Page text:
Architecture has been described as ‘inhabited sculpture’ or ‘art you can walk though’. Increasingly, Australians are recognising that creative activity makes for richer and more meaningful lives. Recent surveys show that each year, 90% of people in NSW take part in an arts activity.
As we are committed to promoting creativity in regional Australia, Edmiston Jones welcomed the opportunity to be the major sponsor of the biennial NOW Shoalhaven Contemporary Art Prize, awarded for the second time last month. This year’s winner is Ulan Murray’s “Equilibrium”, a sculpture crafted from steel and copper. He uses a variety of new and recycled materials including stainless steel and mild steel. Ulan is a local (in regional terms!) with his studio near Bega on the NSW south coast.
Fellow artist Richard Maude comments on Ulan’s influence as an ‘art maker’ noting that, “He is able to engage his celebration of the beauty and intricacy of the natural world by knowing well the properties of his materials and tools but, equally importantly, the objects and places he’s referencing as subjects: he ‘tunes in’ to his environment.”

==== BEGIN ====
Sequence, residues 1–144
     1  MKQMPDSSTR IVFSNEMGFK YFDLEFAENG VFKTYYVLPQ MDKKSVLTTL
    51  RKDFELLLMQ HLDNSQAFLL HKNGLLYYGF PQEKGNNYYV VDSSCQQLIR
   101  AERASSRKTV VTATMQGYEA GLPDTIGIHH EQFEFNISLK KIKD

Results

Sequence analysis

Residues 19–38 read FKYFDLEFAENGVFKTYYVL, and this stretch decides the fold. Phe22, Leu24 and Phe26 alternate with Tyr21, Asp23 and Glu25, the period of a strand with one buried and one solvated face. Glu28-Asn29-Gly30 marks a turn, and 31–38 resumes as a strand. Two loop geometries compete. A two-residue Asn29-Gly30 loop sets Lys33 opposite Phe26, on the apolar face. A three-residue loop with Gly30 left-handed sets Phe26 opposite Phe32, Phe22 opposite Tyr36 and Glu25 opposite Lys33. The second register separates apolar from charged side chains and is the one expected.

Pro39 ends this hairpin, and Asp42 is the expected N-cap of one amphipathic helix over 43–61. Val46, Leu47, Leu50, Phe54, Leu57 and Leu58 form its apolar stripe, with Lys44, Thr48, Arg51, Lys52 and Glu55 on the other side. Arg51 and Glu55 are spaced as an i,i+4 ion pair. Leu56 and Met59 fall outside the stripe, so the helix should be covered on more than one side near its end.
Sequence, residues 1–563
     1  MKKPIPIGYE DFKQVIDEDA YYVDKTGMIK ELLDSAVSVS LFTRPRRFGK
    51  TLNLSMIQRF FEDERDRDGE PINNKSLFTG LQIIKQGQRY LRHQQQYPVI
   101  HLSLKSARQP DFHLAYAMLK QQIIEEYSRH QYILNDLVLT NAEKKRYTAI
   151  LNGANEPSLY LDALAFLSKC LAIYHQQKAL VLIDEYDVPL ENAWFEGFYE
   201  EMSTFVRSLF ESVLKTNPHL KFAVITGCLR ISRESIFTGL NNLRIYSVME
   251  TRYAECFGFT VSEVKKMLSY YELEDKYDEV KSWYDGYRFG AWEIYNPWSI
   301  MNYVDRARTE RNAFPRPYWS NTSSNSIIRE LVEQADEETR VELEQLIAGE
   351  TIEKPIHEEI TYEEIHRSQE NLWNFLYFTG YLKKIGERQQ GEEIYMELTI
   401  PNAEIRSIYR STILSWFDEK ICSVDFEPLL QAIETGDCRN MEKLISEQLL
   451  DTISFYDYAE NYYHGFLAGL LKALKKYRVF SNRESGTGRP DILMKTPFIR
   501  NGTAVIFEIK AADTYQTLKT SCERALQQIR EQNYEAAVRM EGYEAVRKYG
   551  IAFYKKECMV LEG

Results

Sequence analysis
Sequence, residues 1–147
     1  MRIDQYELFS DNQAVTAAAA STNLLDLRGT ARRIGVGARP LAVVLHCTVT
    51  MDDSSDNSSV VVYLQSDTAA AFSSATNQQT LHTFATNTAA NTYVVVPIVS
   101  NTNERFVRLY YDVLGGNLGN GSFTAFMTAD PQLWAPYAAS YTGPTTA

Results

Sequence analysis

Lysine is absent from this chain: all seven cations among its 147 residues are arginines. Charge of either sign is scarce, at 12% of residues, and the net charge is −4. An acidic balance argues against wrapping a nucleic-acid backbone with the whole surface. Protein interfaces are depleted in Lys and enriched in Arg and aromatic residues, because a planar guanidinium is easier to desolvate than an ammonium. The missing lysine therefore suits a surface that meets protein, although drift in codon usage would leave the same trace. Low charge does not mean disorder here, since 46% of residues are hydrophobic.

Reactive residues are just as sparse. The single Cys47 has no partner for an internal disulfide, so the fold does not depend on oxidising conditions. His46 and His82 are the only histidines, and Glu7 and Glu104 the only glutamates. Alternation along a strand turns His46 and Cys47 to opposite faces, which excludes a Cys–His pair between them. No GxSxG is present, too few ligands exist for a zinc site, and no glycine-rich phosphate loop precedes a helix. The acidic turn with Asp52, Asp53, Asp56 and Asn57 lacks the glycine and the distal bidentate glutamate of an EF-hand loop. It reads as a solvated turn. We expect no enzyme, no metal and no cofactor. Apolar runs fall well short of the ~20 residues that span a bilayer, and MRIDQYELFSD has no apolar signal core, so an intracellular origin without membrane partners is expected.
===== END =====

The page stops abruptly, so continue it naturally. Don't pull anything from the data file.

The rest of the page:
Ulan says that his sculptures celebrate the beauty and intricacy of nature. By altering the scale and abstracting the forms they reflect nature’s mathematical structures. The works look at the fragility and complexity of life forms reflecting the care needed for our ecological systems. The abstracted spiral forms reflect turbulence, escalation and evolution.
When you see the technical detail of Ulan’s sculptures it is not surprising to learn that his formal education is a Bachelor of Science from the University of Wollongong and a Diploma of Horticulture from Illawarra Institute of Technology. I am sure that he would also attribute much of what he has learnt to the stunning natural environment of the South Coast. It is this inspiring landscape that informs our own work as local architects.